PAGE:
...   square = 2
    >>> class Color(Enum):
    ...   red = 1
    ...   green = 2
    >>> Shape.circle == Color.red

``IntEnum`` values behave like integers in other ways you'd expect::

    >>> int(Shape.circle)
    >>> ['a', 'b', 'c'][Shape.circle]
    >>> [i for i in range(Shape.square)]
    [0, 1]

For the vast majority of code, ``Enum`` is strongly recommended,
since ``IntEnum`` breaks some semantic promises of an enumeration (by
being comparable to integers, and thus by transitivity to other
unrelated enumerations). It should be used only in special cases where
there's no other choice; for example, when integer constants are
replaced with enumerations and backwards compatibility is required
with code that still expects integers.

Other derived enumerations

``IntEnum`` will be part of the ``enum`` module.  However, it would be very
simple to implement independently::

    class IntEnum(int, Enum):

This demonstrates how similar derived enumerations can be defined, for example
a ``StrEnum`` that mixes in ``str`` instead of ``int``.

Some rules:

1. When subclassing Enum, mixing types must appear before Enum itself in the
   sequence of bases.
2. While Enum can have members of any type, once you mix in an additional
   type, all the members must have values of that type, e.g. ``int`` above.
   This restriction does not apply to behavior-only mixins.

Functional API

The ``Enum`` class is callable, providing the following functional API::

    >>> Animal = Enum('Animal', 'ant bee cat dog')
    >>> Animal
    <Enum 'Animal'>
    >>> Animal.ant
    <Animal.ant: 1>
    >>> Animal.ant.value
    >>> list(Animal)
    [<Animal.ant: 1>, <Animal.bee: 2>, <Animal.cat: 3>, <Animal.dog: 4>]

The semantics of this API resemble ``namedtuple``. The first argument of
the call to ``Enum`` is the name of the enumeration.  The second argument is
a source of enumeration member names.  It can be a whitespace-separated string
of names, a sequence of names or a sequence of 2-tuples with key/value pairs.
The last option enables assigning arbitrary values to enumerations; the others
auto-assign increasing integers starting with 1.  A new class derived from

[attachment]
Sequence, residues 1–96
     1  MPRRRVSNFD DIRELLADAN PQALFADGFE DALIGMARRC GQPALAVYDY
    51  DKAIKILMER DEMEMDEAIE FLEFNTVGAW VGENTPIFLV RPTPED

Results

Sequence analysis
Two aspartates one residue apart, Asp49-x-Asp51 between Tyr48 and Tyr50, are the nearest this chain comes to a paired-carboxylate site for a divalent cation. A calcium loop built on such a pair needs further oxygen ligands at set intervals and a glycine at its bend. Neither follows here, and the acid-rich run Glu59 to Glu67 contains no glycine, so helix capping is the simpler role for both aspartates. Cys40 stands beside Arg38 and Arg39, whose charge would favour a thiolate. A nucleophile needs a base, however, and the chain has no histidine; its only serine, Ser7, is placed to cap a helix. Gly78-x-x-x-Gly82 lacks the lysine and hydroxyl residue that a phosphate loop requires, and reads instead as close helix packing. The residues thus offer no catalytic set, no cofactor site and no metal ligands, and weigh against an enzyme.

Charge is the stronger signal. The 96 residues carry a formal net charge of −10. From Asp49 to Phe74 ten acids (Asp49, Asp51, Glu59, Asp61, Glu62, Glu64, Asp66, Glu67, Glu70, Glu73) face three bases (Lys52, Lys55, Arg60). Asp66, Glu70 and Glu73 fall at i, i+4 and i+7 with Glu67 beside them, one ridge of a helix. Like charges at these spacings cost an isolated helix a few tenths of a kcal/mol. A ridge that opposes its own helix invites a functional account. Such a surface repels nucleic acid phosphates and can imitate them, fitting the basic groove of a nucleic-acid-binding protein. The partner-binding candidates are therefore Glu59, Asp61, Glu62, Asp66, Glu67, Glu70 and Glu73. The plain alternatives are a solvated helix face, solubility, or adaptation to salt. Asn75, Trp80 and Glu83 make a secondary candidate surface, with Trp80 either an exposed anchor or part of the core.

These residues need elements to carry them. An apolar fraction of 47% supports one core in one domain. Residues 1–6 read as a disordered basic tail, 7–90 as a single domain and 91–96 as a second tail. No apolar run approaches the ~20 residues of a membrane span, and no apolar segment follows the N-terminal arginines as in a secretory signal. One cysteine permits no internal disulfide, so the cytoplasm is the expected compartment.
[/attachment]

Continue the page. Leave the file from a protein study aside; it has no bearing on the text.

``Enum`` is returned.  In other words, the above assignment to ``Animal`` is
equivalent to::

    >>> class Animals(Enum):
    ...   ant = 1
    ...   bee = 2
    ...   cat = 3
    ...   dog = 4


Enumerations be pickled and unpickled::

    >>> from enum.tests.fruit import Fruit
    >>> from pickle import dumps, loads
    >>> Fruit.tomato is loads(dumps(Fruit.tomato))

The usual restrictions for pickling apply: picklable enums must be defined in
the top level of a module, to be importable from that module when unpickling

Proposed variations

Some variations were proposed during the discussions in the mailing list.
Here's some of the more popular ones.


``flufl.enum`` was the reference implementation upon which this PEP was
originally based.  Eventually, it was decided against the inclusion of
``flufl.enum`` because its design separated enumeration members from
enumerations, so the former are not instances of the latter.  Its design
also explicitly permits subclassing enumerations for extending them with
more members (due to the member/enum separation, the type invariants are not
violated in ``flufl.enum`` with such a scheme).

Not having to specify values for enums

Michael Foord proposed (and Tim Delaney provided a proof-of-concept
implementation) to use metaclass magic that makes this possible::

    class Color(Enum):
        red, green, blue

The values get actually assigned only when first looked up.